Also Janne (see the discussion) worked with 2-D sections (see the discussion section and his graph) and thinks that fractality in b-dimension is not true. He sent also a nice animation about quaternionic Julia set which also has a local cylinder like structure. This animation demonstrates the 3-D complexity below the surface hidden by the views from outside by using 2-D cross sections. I would guess that this animation catches much about the (b,c)-fractals. The graphics allowing to see the fractal from the point of view of observer at floor of infinitely high fractal Gothic Cathedral might be a fascinating challenge;-).

janne said...

I tried this out quickly on matlab. While the approach obviously works (b*z^3+z^2+c mapping) it's clear you need a software with better graphics capabilities. Best looking results were with merging different b slices into one matrix and forming a isosurface out of that one but even then it looks very crude.

I guess it takes some sort of 3D raycasting method.

Matti Pitkänen said...

The basic question is whether there is fractality in b-direction or not. If not you get just Mandelbrot cylinder in high enough resolution for b and this means that you do not have a genuine 3-D fractal.

The best manner to kill the idea is to look how the 2-D Multribrot varies in interesting manner in various scales as b is varied.

janne said...

Yes you're right. I only tried a very rough overall discretization of the whole mandelbrot set. The resulting isosurface looked more like a 3-D Lyapunov fractal, but that's just because there wasn't any real detail to it.

I'll try out some more detailed b direction slicing tonight.

janne said...

Couple more detailed runs reveal that it's more like a projection similar to Julia sets, there's no fractality involved in the fine structure of the different b-slices.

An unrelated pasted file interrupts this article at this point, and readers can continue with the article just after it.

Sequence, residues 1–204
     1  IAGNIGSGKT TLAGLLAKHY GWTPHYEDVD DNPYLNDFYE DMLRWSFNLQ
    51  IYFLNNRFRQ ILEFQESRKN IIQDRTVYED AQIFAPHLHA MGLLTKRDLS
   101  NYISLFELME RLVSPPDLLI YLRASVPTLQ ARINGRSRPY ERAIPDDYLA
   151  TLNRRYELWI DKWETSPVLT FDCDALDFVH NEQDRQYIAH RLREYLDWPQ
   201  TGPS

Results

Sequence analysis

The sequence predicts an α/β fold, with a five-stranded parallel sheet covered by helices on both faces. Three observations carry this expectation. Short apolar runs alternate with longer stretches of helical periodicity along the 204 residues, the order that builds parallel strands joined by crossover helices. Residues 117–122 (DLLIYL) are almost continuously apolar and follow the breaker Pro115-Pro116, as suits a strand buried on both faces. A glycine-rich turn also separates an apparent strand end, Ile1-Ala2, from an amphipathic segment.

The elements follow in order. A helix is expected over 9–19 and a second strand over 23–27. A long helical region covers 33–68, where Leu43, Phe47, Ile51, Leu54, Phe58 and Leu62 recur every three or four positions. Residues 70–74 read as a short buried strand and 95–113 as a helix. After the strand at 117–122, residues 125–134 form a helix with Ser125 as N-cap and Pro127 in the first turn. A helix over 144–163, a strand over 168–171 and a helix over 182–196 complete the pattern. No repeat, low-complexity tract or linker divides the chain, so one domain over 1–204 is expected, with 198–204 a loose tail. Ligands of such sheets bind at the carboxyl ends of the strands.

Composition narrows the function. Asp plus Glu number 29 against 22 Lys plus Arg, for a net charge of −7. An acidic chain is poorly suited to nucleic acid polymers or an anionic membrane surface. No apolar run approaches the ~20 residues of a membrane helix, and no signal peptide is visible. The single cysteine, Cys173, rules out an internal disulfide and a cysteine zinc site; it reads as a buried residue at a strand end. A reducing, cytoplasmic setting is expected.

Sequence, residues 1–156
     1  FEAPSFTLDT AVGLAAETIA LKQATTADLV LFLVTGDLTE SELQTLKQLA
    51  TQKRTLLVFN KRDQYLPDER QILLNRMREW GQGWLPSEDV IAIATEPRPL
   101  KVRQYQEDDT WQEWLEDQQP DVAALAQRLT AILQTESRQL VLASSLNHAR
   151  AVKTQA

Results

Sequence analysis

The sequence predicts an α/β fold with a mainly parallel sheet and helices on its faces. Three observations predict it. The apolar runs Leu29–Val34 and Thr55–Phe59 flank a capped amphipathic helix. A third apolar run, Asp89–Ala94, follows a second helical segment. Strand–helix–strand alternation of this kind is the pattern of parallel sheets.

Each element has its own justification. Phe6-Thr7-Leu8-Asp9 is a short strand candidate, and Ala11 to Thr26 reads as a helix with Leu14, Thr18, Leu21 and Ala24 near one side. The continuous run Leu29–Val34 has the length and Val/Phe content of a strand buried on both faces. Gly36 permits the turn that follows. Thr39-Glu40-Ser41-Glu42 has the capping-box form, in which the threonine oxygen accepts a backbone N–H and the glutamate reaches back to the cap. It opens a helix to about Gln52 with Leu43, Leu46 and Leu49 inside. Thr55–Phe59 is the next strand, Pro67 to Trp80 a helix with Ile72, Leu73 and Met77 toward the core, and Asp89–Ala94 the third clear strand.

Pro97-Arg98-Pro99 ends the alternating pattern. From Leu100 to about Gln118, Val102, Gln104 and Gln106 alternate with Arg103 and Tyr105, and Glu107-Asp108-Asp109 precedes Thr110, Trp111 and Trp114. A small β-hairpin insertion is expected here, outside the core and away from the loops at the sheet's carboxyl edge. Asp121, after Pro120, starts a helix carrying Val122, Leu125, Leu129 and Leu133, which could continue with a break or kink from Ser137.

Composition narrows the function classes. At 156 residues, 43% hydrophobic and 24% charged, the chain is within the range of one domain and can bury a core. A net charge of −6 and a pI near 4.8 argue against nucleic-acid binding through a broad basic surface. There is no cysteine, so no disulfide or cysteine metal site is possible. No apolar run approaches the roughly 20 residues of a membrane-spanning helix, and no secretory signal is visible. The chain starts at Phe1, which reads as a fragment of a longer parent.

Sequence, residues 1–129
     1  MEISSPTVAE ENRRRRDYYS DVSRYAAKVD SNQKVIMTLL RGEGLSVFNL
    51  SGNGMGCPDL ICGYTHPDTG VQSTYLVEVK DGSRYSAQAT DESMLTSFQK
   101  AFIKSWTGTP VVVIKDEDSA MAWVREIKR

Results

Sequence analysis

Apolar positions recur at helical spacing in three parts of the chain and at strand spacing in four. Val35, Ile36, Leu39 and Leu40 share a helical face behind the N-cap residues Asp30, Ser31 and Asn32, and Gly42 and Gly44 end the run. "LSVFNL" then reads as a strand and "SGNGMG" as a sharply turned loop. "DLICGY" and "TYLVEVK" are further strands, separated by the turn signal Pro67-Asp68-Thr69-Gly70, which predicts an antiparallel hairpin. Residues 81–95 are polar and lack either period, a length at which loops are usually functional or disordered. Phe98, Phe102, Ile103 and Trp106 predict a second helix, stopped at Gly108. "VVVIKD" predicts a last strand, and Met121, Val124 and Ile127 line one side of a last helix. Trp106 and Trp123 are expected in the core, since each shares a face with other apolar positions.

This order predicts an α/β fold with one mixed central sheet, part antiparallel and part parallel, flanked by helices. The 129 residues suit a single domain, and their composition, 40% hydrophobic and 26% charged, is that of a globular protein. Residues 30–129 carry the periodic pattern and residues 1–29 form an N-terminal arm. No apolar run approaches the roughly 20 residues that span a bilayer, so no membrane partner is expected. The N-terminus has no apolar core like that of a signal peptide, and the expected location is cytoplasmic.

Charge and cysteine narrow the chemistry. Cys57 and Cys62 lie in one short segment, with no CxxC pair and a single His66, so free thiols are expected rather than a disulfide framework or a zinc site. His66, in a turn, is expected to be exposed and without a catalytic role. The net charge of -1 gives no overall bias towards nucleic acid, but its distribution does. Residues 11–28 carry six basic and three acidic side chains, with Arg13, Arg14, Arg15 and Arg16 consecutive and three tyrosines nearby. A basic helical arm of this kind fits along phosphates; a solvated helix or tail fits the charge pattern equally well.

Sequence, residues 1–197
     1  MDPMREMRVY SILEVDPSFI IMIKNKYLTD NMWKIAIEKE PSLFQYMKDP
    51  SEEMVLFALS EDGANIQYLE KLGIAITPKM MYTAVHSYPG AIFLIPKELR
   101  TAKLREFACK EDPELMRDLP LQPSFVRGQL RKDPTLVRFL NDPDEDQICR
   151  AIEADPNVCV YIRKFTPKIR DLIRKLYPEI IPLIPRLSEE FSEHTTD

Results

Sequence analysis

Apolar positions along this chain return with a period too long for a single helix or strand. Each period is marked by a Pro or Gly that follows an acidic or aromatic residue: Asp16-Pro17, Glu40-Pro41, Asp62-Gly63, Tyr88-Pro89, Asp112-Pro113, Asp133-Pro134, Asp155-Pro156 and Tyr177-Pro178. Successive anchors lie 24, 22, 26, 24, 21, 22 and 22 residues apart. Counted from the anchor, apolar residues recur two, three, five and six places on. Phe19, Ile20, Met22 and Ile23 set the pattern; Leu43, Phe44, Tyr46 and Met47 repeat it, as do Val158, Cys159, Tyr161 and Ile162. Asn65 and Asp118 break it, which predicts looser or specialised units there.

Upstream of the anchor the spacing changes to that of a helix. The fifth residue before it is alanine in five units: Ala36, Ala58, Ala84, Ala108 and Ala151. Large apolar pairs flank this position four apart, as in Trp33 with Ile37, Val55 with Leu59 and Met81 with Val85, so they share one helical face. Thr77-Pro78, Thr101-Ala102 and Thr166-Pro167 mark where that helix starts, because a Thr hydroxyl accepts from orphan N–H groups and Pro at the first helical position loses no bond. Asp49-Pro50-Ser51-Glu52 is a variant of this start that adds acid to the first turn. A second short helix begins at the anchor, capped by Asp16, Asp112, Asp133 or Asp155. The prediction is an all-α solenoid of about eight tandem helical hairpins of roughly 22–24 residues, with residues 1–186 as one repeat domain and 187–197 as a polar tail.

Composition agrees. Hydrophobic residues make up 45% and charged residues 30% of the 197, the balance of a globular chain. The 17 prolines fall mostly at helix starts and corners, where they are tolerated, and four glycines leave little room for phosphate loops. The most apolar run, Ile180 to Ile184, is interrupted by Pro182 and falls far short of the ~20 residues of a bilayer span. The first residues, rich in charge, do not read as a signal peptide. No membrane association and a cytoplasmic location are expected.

The most interesting results come from b close to 0, with large |b| the radius of convergence just shrinks down to nothing.

I don't think real value as the third dimension cuts it for 'true' 3-D fractality, since the iteration will still always converge to the '2-D' complex plane.

This makes me think about those quaternion approaches. Isn't this basicly the same idea with a few more dimensions added to b.

janne said...
Matti Pitkänen said...

Each slice should look very Mandelbrotian since iteration functions of type z^d+c and more generally polyonomial of z must give rather similar structure. Wikipedia contains animation about this.

My guess is also that things changes slowly in b-direction and you get something like Mandelbrot cylinder.

3-D quaternion approach and hypercomplex approaches are different since z is replaced with quaternion. If one considers only Mandelbrot fractals one can use hypercomplex numbers of any dimension and just take the space of c-parameters to be 3-D.

Matti Pitkänen said...

Thank you for a nice picture. You have f(z)= z^b+c, with b varying. I had in mind f(z)= bz^3+z^3+c or f(z)= z^3+bz^2+c. Your choice is more general than the choices based on polynomials since z^b is discontinuous along x-axis (exp(i*2*pi*b) is not equal to 1 for non-integer b).

"This makes me think about those quaternion approaches. Isn't this basicly the same idea with a few more dimensions added to b".

In standard approaches the parameter c corresponds to a shift in complex plane, quaternion plane, or hypercomplex plane (Wikipedia contains a page about hypercomplex numbers). In my own case b does not correspond to a shift. Maybe acting as shift is what is essential for fractality.

Matti Pitkänen said...

One manner to kill the idea that a genuinely 3-D fractal is in question, is to draw some vertical slices of the fractal with various zooms for b. If these are featureless, one can forget it.

Let us for definiteness restrict the consideration to f(z)=bz^3+z^2+c.

*Allow b vary freely.

*Constrain the values of c on ray (c= x*exp(i*phi_0), x varies) or a circle around origin (|c|=constant that is c = rexp(i*phi), r=constant). c-plane would be replaced with (b,x) plane or (b,phi) cylinder in the fractal plot. Cylinder can be replaced with plane for plotting purposes.

*This 2-D slice as would give the intersection of the 3-D fractal with the plane defined by ray or with cylinder |c|=constant.

janne said...

I see what you're trying to say here. I'll give it a go when I have some spare time and energy.

Consider the hypercomplex case: